The City of Wyoming has recognized residents by naming them “Citizens of the Year” since 2002. The award honors those who have made an impact on Wyoming or the Greater Cincinnati area through volunteer efforts, selected each fall from community nominations to the Citizens of the Year Committee.
The 2018 Citizens of the Year recipients represent a broad range of activities and organizations that add to the quality of life in Wyoming. The residents honored on January 29, 2019, include:
Amy Elliott is a dedicated volunteer for the arts in Wyoming. Her assistance with school drama productions and her leadership with the Wyoming School Music Association have strengthened our school’s music and theater programs. She recently brought a new drama program for K-6th graders to Wyoming that also raised much-needed funding for the middle and high school drama programs. Elliott’s organizational and creative talents were critical to the success of a WSMA video to promote the strong music programs in our schools. Elliott also chaired the playgroup committee for the Wyoming Newcomers Club and the social committee for the Wyoming Swim Club.
Eric Hagenauer’s volunteering in Wyoming has taken him from the classroom and playground, to soccer fields and swimming pools, to the Wyoming Middle School stage and May Fete booths. Hagenauer was a constant volunteer for field trips, class parties, and field days, and served as a playground duty volunteer for 15 years. He shared his architectural and building expertise with the Middle School’s drama department for four years. He has spent countless hours coaching basketball and soccer. He has served for nearly a decade at the Wyoming Swim Club as a parent volunteer for the swim team and as the Vice President of Pool and Grounds .
Liz McLean is praised as a “see it, own it, do it” person who has volunteered for the Wyoming City Schools’ PSA organization and May Fete events, the Wyoming Newcomers’ Club, the Friends of the Public Library, and Valley Interfaith Community Resource Center. McLean has been an active member of the Junior Woman’s Club of Wyoming, and during her position as president for two years, was credited with leading the club through significant change, revitalizing the organization and expanding the club’s impact on the community.
The pastor at Wyoming Presbyterian Church calls Maureen “Mo” Miller a “passionate and faithful volunteer.” Miller serves as a deacon and assists with weddings and funerals, but her “bread mission” sets her apart. She brings cookies and bread to church every week, and additionally takes bread to elderly church members and to residents at Maple Knoll Village. Miller gives loaves of bread to ushers at Bengals games and greeters at Reds games, and brings a suitcase full of bread on trips out of town. It’s estimated that for the past five years, she has baked over 14,500 loaves of bread. Her family has encouraged her to open a bakery but she says she is happy to bake as a gift of love.
Laura Lee Murley can be found volunteering throughout Wyoming: On the PSA Green Team, in a May Fete booth, with the Wyoming Seadragons swim team, and at the Middle School with drama productions and the Science Olympiad program. Murley first helped the Science Olympiad as a parent volunteer, but quickly stepped up to a mentoring role and coach. Murley has a doctorate in biochemistry, but her skills in multiple subjects and her patience with students have been the real gift that guided the team to the state level six times.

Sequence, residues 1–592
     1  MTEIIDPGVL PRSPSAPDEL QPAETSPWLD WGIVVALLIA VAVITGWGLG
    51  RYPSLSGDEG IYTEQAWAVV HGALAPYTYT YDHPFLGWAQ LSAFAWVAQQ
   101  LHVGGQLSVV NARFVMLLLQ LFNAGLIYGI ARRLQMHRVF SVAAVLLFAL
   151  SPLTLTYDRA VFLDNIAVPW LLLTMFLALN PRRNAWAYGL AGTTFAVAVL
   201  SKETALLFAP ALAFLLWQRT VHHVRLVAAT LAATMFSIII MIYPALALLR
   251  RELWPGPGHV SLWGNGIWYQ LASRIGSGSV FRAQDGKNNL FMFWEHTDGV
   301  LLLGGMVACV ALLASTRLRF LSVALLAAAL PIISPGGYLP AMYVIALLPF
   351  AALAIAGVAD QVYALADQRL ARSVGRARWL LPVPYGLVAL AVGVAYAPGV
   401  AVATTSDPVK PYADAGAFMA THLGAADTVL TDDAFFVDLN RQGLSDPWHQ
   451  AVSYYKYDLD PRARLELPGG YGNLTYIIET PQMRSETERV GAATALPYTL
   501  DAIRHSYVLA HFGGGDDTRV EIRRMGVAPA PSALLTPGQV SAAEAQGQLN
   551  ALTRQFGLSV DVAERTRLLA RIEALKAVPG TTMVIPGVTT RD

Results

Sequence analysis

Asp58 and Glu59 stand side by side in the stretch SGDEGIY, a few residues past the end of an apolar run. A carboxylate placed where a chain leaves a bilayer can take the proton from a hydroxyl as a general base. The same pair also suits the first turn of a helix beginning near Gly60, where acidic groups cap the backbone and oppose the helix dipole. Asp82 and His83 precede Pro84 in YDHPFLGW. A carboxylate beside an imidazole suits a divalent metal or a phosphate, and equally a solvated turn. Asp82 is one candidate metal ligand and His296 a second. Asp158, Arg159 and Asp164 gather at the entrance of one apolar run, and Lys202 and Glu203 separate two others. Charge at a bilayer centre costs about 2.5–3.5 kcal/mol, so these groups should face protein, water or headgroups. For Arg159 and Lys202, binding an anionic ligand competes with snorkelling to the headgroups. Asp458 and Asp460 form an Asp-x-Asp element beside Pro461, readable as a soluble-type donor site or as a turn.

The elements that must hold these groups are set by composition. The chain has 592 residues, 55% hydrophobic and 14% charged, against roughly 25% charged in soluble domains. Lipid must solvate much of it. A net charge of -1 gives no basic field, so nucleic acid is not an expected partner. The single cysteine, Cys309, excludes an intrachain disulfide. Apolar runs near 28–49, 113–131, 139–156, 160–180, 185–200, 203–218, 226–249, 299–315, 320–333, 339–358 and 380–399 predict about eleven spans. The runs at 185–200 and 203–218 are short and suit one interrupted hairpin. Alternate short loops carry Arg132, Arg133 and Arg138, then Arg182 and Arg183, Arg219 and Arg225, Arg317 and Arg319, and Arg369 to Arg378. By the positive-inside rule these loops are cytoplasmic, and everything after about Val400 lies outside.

April Robles was nominated by a fellow member of Wyoming Junior Woman’s Club for her quiet, dependable service for numerous programs. Robles has been an active volunteer with Wyoming Schools, notably as a chair of the Parent Education Group and the coordinator for the PSA New Family Orientation program. She has organized networking events for Wyoming’s working mothers and is involved with the Wyoming Inclusion and Neighborhood Diversity Support Team.
Bob Wettengel has been a resident of Wyoming for over 50 years and is undoubtedly best known as the friendly crossing guard at the busy intersection of Wyoming Avenue and Springfield Pike. Students and teachers are grateful for his cheerful greetings and his kindness, each morning and afternoon. Wyoming police officers and parents are grateful for his efforts to keep school children safe. He’s popular with four-legged commuters, too, as he’s known for the tasty dog treats he hands out to pet owners who are out and about on his shift. Wettengel has also volunteered with May Fete, the Wyoming Baptist Church, and Friendship United Methodist Church. But it is his role as the crossing guard that has made him a valuable community “Ambassador
Carol and Tom Wick have dedicated their retirement years to making a difference in the local environment, from composting and avoiding pesticides in their own yard to cleaning up waterways throughout the Ohio Valley. They collect water samples for research in water quality with Rivers Unlimited. The Wicks’ love of wildlife led them to volunteer with Raptor, Inc, an organization dedicated to protecting birds of prey. Their volunteering isn’t limited to the outdoors: Carol served for many years as a volunteer cuddler for infants in Good Samaritan Hospital’s Newborn Intensive Care Unit. Tom assisted the SPCA for many years, and was recognized as a SPCA Community Volunteer of the Year in 2001.